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Rolls-Royce engineers set a slippery science challenge for Year 10 students at Ockbrook School as part of a workshop to inspire young people about the role Physics, Mathematics, ICT and Science play in extreme sports.
James Dash, a Mechanical Design Engineer with Rolls-Royce Submarines was joined by colleague Nicholas Alexander, a Thermo Fluid Engineer within the Nuclear Propulsion Systems function of Rolls-Royce Submarines. The engineering experts set students a challenge, designed by the Royal Academy of Engineering, to build a ‘bob skeleton’, made famous by British Olympic Gold medal athletes Amy Williams and Lizzy Arnold.
Fifteen year old Year 10 student Molly Watling took part in the challenge. She said: “Everything we did during the course of the day was designed to help us answer which is more important in the bob skeleton event, the athlete or the machine? We looked at the importance of aerodynamics in bob design, the role the athlete takes in the sport, as well as down force and friction. We undertook various experiments and tests and concluded, rightly or wrongly, that it’s the combination of the athlete and the machine that creates the winning combination.”
Bob skeleton is a fast winter sliding sport in which a person rides a small sled down a frozen track while lying face down, during which the rider experiences forces up to 5g and reaches speeds over 80 mph. The sport was named from the bony appearance of the sled. It was added to the Olympic program for the 2002 Winter Olympics.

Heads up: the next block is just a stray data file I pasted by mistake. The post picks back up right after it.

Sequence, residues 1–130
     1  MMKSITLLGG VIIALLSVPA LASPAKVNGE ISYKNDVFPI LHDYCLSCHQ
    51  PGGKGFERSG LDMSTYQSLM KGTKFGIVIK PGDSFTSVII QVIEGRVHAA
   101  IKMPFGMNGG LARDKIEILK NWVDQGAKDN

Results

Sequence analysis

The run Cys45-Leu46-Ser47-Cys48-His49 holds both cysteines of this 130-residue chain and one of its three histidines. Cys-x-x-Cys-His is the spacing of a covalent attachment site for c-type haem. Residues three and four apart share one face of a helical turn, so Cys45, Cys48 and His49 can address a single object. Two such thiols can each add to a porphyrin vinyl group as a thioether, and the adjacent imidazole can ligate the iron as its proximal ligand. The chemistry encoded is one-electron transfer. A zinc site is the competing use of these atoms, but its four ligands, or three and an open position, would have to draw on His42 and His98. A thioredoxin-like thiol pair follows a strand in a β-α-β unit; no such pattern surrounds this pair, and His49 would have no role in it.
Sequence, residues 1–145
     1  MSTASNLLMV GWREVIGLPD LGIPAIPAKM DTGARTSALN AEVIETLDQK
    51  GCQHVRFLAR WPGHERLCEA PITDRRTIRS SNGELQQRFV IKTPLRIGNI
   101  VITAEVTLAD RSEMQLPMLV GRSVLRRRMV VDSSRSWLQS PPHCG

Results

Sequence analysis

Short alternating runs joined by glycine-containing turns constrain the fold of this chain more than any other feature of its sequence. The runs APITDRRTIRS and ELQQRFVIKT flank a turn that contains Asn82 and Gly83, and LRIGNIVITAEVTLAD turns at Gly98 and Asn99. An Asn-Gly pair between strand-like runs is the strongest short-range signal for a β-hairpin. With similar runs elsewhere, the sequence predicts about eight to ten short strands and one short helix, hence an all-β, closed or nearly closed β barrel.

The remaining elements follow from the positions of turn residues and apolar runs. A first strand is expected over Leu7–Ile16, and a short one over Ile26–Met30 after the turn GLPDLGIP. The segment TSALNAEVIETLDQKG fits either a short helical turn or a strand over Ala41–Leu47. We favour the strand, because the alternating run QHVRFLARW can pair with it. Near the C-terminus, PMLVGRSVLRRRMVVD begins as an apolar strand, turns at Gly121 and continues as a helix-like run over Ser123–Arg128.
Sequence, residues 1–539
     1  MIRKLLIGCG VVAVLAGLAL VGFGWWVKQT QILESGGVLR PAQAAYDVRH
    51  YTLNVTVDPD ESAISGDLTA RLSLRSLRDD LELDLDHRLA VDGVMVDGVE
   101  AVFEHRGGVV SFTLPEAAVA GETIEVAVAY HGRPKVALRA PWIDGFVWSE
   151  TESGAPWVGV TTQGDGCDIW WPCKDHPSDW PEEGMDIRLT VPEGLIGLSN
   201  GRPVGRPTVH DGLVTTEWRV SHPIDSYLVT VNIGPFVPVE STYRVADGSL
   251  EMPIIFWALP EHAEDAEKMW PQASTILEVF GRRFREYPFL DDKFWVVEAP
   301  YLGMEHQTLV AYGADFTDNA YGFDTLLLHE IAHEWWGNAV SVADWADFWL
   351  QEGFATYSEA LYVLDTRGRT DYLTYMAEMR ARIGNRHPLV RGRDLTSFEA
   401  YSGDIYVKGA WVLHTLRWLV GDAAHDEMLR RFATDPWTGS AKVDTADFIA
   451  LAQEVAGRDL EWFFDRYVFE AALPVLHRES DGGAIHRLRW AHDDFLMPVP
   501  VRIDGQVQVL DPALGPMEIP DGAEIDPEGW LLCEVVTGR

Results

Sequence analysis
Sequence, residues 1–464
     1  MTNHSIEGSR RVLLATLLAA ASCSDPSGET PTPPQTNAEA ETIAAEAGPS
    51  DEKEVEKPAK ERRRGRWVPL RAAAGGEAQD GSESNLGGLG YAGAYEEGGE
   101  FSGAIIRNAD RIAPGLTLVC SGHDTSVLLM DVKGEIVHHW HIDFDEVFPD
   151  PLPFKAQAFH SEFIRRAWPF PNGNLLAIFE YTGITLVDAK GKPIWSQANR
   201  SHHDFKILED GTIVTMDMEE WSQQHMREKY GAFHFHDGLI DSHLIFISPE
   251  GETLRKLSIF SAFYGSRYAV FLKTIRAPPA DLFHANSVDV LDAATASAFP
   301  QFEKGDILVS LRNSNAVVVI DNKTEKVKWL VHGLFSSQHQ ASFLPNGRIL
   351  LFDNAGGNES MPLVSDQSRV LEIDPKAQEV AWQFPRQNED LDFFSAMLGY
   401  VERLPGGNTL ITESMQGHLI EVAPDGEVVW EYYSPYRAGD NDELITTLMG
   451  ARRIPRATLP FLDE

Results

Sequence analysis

Neil Gupta, Head of Physics, Ockbrook School, says: “It’s a real challenge getting young people to understand the exciting role that the sciences play in everyday life. This workshop was fantastic as it showed clearly the relationship between adrenalin-fuelled extreme sports and the practicalities of engineering, science and design to deliver high performance capabilities.”
James Dash, a Mechanical Design Engineer with Rolls-Royce Submarines and workshop facilitator said: “Olympic athletes like Amy Williams and Lizzy Arnold put their lives in the hands of engineers, scientists and mathematicians so we need to make sure that the science that enables Olympic success is fully tested and proven before we put it to work on the ice.
“This workshop is all about conveying the message to young people that all the behind the scenes work undertaken by scientists and engineers is what can provide the winning margins for athletes like Amy and Lizzy.”
Neil Gupta concludes: “A big thanks goes out from all our students to James and Nicholas from Rolls Royce who really brought the workshop to life. I’m sure this will enhance everyone’s understanding of some of the topics covered during the IGCSE Physics course.”
Students built and tested a 1:5 scale model of the skeleton bob, investigating the Mathematics and Physics involved in the design of the skeleton bob. In the final part of the day students presented their findings.